Published on October 21st, 2015 | By: April Gocha, PhD0
Other materials stories that may be of interestPublished on October 21st, 2015 | By: April Gocha, PhD
[Image above] Credit: NIST
Researchers at Lund University in Sweden have found a new way to capture energy from sunlight—by using molecules that contain iron. The technique is solar cells consisting of a thin film of nanostructured titanium dioxide and a dye that captures solar energy. Researchers at Lund, in collaboration with Uppsala University, have successfully produced an iron-based dye that is capable of converting light into electrons with nearly 100% efficiency.
In a development that could revolutionize electronic circuitry, a research team from the University of Wisconsin at Madison and Argonne National Lab has confirmed a new way to control growth paths of graphene nanoribbons on the surface of a germanium crystal. Previous research shows that graphene sheets can grow on germanium crystal faces (1,1,1) and (1,1,0). However, this is the first time any study has recorded the growth of graphene nanoribbons on the (1,0,0) face.
A wireless charger that is compatible with different consumer electronics from different brands is one step closer to becoming a reality thanks to research by electrical engineers at the University of California, San Diego. Researchers have developed a dual frequency wireless charging platform that could be used to charge multiple devices, such as smartphones, smartwatches, laptops and tablets, at the same time—regardless of which wireless standard, or frequency, each device supports.
NTNU have found a method to extend the lifetime and capacity of lithium batteries, especially at low temperatures. The researchers’ work has focused on modifying the electrolyte to achieve higher battery capacity and life span, especially at low temperatures. They also have promising results with developing a preparatory treatment that prevents too much lithium loss in the formation of the solid electrolyte interphase film, allowing more of the to participate in charging the electrodes.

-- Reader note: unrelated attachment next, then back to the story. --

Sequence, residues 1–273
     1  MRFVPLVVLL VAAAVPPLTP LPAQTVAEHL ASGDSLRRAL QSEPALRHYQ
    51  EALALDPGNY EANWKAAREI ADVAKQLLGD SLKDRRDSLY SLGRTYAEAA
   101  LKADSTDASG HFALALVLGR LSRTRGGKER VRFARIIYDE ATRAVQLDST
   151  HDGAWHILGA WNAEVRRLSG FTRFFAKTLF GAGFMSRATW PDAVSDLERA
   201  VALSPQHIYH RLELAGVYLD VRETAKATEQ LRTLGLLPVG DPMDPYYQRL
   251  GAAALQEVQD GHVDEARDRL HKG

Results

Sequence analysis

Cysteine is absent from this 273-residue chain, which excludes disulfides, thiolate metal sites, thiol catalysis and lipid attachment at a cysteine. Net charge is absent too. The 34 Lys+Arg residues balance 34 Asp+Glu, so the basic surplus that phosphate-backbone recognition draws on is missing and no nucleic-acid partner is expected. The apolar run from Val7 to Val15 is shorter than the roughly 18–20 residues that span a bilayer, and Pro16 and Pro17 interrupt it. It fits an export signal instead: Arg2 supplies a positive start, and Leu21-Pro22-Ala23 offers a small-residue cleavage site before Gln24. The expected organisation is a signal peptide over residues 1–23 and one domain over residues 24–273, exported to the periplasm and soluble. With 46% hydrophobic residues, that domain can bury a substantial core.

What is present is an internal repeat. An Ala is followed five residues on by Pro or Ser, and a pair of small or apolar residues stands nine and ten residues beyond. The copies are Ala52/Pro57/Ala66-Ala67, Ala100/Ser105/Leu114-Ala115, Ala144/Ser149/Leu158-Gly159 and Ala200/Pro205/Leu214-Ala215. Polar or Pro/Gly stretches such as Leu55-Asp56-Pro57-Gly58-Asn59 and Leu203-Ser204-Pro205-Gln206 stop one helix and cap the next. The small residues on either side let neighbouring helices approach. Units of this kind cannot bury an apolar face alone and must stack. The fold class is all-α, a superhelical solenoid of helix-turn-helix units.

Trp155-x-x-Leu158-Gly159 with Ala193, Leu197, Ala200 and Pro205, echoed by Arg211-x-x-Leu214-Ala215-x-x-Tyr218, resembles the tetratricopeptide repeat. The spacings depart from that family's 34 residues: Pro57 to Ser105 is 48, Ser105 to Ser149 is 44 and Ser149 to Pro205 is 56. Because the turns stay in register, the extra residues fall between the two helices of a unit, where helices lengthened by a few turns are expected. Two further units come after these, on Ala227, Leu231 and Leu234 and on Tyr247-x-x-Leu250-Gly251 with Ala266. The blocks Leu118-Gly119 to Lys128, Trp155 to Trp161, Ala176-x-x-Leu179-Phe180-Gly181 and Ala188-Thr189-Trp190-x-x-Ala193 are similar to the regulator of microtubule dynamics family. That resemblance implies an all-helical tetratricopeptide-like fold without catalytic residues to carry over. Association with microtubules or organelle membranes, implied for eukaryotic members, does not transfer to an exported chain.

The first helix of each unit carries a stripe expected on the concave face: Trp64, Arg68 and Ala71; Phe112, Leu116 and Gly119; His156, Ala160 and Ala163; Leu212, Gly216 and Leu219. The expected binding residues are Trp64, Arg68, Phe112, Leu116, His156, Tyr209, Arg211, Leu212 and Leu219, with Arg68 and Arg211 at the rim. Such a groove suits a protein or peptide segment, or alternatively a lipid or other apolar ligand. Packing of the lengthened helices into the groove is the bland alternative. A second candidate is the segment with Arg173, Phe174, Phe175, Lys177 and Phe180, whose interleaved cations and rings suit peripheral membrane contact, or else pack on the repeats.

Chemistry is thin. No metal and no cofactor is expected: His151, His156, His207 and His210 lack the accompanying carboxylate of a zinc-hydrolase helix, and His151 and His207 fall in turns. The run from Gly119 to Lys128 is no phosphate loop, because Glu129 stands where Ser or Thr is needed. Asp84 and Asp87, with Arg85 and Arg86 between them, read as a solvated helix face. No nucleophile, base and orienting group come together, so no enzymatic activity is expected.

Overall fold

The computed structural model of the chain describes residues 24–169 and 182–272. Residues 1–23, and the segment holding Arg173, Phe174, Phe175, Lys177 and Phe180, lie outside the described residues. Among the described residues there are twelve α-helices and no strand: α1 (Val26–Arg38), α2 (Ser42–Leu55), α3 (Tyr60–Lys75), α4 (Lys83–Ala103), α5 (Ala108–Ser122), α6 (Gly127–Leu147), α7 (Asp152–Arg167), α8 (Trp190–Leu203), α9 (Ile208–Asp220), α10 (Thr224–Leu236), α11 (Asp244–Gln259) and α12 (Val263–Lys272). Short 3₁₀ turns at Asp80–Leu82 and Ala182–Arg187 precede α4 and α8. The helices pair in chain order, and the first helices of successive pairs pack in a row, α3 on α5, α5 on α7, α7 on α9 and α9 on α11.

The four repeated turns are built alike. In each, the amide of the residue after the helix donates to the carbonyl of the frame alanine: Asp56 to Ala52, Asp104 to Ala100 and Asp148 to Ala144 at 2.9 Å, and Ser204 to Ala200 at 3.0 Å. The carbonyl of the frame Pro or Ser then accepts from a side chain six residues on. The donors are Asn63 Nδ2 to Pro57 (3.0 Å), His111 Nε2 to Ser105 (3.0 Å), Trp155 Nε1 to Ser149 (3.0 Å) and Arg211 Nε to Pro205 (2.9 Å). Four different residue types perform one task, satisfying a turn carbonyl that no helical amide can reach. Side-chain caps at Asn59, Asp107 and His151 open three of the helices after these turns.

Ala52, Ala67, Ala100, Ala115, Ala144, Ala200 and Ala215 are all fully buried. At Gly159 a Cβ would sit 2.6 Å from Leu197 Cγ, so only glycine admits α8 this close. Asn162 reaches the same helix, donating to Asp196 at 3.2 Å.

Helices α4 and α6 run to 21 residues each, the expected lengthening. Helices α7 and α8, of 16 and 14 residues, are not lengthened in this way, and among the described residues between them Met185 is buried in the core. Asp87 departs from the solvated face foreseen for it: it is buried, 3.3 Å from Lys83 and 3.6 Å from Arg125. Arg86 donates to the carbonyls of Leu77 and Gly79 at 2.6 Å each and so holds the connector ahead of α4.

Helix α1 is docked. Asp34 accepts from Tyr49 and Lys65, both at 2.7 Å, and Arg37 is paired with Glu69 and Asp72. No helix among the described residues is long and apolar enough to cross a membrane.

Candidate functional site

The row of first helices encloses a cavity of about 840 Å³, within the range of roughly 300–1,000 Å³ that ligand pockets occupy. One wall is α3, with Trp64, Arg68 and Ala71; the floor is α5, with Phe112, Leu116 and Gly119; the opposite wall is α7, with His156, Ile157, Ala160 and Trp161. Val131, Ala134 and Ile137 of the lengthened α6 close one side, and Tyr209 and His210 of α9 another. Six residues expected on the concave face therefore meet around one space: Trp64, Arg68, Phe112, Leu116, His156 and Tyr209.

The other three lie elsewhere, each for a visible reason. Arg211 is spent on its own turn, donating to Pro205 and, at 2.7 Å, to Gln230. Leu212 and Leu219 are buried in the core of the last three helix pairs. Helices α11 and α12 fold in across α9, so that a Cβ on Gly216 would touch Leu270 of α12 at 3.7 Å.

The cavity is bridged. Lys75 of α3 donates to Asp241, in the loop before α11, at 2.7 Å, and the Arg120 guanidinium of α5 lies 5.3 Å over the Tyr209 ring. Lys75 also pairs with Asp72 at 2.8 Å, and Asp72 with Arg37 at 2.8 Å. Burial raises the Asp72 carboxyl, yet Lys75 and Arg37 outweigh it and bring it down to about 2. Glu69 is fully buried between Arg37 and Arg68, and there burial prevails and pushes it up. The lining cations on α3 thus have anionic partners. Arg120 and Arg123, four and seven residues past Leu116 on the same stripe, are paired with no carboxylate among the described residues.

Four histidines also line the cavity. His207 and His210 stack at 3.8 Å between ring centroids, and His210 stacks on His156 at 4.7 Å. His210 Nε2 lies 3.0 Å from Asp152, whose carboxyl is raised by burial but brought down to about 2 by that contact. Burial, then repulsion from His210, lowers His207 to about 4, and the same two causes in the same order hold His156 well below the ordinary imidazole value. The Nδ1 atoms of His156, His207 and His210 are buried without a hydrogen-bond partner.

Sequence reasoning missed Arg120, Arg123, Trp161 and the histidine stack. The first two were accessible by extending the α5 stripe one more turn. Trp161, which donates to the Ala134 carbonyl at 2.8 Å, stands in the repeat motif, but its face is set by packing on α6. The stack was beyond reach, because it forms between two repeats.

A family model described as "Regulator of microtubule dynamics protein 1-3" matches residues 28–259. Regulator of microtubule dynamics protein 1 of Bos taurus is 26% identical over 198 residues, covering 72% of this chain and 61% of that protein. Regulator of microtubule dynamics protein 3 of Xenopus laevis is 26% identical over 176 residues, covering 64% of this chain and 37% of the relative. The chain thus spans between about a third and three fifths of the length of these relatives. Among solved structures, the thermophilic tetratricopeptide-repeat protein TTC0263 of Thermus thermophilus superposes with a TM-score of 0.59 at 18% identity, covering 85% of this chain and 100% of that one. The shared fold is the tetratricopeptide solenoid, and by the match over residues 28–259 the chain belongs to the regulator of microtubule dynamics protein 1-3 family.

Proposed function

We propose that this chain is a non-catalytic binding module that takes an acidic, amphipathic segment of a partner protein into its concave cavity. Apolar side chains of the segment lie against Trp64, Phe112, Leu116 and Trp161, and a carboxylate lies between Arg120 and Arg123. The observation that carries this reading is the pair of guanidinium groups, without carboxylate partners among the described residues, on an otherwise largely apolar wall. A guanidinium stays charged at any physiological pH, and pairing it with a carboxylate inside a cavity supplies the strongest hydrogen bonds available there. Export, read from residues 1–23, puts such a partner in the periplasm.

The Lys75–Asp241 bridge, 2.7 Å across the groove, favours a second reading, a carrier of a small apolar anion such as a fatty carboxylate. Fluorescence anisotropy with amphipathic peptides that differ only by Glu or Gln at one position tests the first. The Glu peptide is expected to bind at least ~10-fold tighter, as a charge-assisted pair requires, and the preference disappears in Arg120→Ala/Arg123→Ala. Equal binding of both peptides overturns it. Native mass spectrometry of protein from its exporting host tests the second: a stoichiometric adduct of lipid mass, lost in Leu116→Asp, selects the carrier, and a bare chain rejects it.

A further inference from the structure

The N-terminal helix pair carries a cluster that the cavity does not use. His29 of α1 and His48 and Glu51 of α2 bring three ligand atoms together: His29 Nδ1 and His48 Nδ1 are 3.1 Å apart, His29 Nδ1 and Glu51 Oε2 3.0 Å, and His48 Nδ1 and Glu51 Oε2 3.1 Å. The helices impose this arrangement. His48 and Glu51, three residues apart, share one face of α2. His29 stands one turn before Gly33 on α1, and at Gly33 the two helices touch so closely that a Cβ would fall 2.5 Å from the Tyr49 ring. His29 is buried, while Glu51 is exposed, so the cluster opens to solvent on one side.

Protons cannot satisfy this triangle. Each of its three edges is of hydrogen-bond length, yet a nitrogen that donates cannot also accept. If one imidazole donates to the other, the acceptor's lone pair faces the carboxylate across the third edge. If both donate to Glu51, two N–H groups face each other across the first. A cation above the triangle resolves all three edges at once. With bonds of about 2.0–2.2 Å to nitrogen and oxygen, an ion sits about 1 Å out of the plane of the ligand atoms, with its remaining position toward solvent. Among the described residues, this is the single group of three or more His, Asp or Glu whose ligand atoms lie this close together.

Scientists in Korea have developed wearable, graphene-coated fabrics that can detect dangerous gases present in the air, alerting the wearer by turning on an LED light. The researchers, from the Electronics and Telecommunications Research Institute and Konkuk University in the Republic of Korea, coated cotton and polyester yarn with BSA nanoglue, then wrapped the yarn in graphene oxide sheets. Reduced-graphene-oxide-coated materials were found to be particularly sensitive to detecting nitrogen dioxide.
Researchers at the University of California, Santa Barbara have developed a simple new electron-beam multilayer deposition technique for creating intracavity contacts—an important component of gallium nitride-based (III-nitride) vertical-cavity surface-emitting lasers—not only yields intriguing optoelectronic properties but also paves the way for others entering this realm of research.
University of Missouri researchers are on the path to creating biodegradable electronics by using organic components in screen displays. The team developed organic structures that could be used to light handheld device screens. Using proteins, researchers demonstrated that these tiny structures, when combined with a blue light-emitting polymer, could successfully be used in displays.
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